- The Washington Times - Monday, January 19, 2009

GUANTANAMO BAY NAVAL BASE, Cuba | Two of the five men accused of orchestrating the Sept. 11 attacks offered unapologetic admissions of guilt Monday in a sometimes chaotic - and possibly final - session of the Guantanamo war crimes court.

The hearings, scheduled over several days, could be the last at Guantanamo, since President-elect Barack Obama has said he would close the prison at the U.S. base in Cuba and many expect him to suspend the military tribunals and order new trials in the U.S.

The New York Times reported Monday that in the past three months, at least 24 detainees have been declared improperly held by courts or a tribunal - or nearly 10 percent of the population at the detention camp in Guantanamo Bay, where about 245 men remain.

During Monday’s hearing, Ramzi Binalshibh and Khalid Shaikh Mohammed, the self-proclaimed architect of the terrorist attacks, casually admitted guilt during a series of outbursts as the translators struggled to keep up and the judge repeatedly sought to regain control.

“We did what we did; we’re proud of September 11,” Mr. Binalshibh declared at one point in proceedings that dealt with a number of legal issues, including whether he is mentally competent to stand trial on charges that carry a potential death sentence.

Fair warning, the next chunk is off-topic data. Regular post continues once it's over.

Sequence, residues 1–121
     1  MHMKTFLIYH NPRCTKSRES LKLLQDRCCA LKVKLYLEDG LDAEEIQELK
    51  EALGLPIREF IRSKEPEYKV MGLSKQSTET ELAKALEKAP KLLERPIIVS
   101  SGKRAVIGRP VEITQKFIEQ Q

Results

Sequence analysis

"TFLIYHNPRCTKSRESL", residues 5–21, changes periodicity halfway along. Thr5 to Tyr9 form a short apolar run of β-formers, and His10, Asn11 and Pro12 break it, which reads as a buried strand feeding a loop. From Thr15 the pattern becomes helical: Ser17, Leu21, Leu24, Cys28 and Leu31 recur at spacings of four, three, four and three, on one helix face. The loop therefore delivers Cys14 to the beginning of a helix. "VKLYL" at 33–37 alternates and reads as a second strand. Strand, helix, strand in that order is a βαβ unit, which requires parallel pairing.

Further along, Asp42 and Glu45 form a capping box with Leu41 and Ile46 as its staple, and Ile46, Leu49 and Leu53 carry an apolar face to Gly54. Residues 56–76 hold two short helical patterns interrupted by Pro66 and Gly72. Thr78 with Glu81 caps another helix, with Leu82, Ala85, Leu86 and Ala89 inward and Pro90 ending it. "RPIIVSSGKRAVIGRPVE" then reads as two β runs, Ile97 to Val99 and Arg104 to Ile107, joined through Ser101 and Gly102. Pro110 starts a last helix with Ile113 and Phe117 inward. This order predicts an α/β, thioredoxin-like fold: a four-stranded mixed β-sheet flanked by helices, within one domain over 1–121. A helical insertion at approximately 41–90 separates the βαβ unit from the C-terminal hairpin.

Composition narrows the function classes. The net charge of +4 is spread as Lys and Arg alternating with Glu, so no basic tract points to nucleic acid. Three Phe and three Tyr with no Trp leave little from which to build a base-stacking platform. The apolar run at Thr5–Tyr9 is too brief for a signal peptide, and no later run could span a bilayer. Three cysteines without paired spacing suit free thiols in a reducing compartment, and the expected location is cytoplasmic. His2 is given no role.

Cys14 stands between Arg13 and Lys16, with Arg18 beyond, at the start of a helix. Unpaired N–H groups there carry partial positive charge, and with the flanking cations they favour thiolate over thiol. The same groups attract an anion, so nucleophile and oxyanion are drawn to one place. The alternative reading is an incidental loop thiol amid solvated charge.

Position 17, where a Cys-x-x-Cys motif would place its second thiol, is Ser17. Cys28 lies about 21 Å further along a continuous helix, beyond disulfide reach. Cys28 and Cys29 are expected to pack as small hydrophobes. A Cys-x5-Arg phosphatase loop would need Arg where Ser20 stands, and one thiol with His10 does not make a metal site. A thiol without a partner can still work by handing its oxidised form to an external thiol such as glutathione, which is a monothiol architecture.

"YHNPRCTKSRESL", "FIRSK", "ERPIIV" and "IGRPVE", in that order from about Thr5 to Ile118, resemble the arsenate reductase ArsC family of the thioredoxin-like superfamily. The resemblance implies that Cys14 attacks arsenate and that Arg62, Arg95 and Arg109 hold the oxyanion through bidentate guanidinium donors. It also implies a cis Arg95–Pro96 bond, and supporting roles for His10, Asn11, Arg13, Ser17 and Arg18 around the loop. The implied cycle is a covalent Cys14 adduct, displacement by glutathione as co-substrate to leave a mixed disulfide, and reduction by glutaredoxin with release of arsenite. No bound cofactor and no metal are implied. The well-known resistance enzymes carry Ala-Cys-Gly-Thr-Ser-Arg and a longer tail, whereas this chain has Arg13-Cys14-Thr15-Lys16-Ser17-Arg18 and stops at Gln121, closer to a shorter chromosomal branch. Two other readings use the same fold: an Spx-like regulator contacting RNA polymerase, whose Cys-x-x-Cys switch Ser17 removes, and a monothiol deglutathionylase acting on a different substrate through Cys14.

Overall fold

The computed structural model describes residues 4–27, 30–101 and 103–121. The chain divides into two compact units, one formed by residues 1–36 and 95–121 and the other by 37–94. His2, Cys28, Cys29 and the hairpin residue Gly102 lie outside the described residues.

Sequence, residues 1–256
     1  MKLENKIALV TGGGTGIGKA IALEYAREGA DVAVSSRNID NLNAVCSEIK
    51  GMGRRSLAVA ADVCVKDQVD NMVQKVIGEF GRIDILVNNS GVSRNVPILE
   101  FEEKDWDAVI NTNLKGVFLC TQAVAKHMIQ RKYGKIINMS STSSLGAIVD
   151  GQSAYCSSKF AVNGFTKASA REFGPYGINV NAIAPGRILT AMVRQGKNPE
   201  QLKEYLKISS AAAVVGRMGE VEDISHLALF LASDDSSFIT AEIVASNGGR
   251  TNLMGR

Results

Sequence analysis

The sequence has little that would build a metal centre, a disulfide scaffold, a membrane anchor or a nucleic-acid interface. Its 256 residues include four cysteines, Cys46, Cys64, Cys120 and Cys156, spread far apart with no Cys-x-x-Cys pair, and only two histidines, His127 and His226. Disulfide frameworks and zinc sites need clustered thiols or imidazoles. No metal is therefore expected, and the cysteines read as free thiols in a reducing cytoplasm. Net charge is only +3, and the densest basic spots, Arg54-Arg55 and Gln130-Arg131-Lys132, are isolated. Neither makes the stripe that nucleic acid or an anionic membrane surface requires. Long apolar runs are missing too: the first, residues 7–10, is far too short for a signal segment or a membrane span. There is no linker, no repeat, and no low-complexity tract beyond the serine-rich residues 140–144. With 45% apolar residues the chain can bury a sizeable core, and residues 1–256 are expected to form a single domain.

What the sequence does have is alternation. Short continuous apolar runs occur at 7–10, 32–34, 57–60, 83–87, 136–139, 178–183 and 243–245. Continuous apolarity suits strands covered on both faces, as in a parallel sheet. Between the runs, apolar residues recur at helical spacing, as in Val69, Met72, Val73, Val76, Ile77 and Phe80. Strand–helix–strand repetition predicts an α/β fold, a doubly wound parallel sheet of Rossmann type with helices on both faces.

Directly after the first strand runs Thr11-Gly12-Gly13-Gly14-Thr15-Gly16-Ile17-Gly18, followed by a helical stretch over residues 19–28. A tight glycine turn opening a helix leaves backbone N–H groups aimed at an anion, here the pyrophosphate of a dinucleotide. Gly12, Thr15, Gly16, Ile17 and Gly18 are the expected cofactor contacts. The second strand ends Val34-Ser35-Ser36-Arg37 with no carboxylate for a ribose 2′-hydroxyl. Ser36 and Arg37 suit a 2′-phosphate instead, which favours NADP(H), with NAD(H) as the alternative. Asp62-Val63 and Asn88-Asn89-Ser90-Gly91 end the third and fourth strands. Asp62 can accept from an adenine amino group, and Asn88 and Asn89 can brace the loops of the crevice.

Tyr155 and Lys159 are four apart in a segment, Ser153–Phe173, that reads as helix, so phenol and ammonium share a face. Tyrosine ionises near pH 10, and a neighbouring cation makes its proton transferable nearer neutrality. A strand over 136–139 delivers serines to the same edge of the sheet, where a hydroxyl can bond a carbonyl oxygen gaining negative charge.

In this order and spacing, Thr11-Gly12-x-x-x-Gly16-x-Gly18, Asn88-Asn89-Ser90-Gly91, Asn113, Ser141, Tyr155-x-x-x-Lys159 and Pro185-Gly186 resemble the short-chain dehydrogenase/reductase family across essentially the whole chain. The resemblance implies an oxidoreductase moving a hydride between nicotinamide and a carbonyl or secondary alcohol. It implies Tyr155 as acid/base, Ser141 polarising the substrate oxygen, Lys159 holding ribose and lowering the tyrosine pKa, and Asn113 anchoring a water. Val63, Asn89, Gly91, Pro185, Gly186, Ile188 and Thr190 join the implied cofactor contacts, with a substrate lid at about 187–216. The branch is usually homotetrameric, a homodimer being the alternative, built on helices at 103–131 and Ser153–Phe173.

Mr. Mohammed, who is representing himself, switched back and forth between Arabic and English, insisting at one point that a uniformed military lawyer assigned to assist him be removed from his defense table. The man, he said, represents the “people who tortured me.”

Mr. Mohammed shrugged off the potential death sentence he faces for charges that include the murder of nearly 3,000 people in the Sept. 11 attacks.

“We don’t care about capital punishment,” he said. “We are doing jihad for the cause of God.”

In a separate hearing, a judge was holding pretrial hearings in the case of Canadian Omar Khadr, who is accused of killing a U.S. soldier, Sgt. 1st Class Christopher Speer of Albuquerque, N.M., with a grenade during a battle in Afghanistan in 2002 when the Toronto native was 15.

In both cases, the judges were considering whether the Pentagon must charge and arraign the men all over again after it withdrew and refiled charges in about 20 cases. The Pentagon described the refiling as a procedural step required to appoint new military jury panel members.

The judges sided with the prosecutors and ruled the cases would not have to start anew.

One judge, Army Col. Stephen Henley, acknowledged doubts about the future of the hearings, saying one legal matter could be addressed “at later sessions, if later sessions are scheduled.”

Lawyers and representatives of human rights groups who came to observe the hearings said they expect Mr. Obama to suspend the military commission system created by Congress and President Bush in 2006.

The Pentagon’s chief war crimes prosecutor, Army Col. Lawrence Morris, said he did not know what the Obama administration would do and had to plan as if the commissions would go forward. Still, prosecutors joined with the defense in asking military judges to postpone this week’s hearings until after the inauguration. The judges rejected the request.

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